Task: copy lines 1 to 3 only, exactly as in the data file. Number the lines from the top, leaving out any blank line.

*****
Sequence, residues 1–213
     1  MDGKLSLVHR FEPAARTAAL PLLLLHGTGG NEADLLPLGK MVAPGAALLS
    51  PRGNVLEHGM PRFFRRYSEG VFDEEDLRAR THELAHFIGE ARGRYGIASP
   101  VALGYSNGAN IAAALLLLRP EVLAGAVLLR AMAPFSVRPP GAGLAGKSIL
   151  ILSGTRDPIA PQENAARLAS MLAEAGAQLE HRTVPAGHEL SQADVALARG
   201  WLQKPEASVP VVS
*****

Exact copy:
Sequence, residues 1–213
     1  MDGKLSLVHR FEPAARTAAL PLLLLHGTGG NEADLLPLGK MVAPGAALLS
    51  PRGNVLEHGM PRFFRRYSEG VFDEEDLRAR THELAHFIGE ARGRYGIASP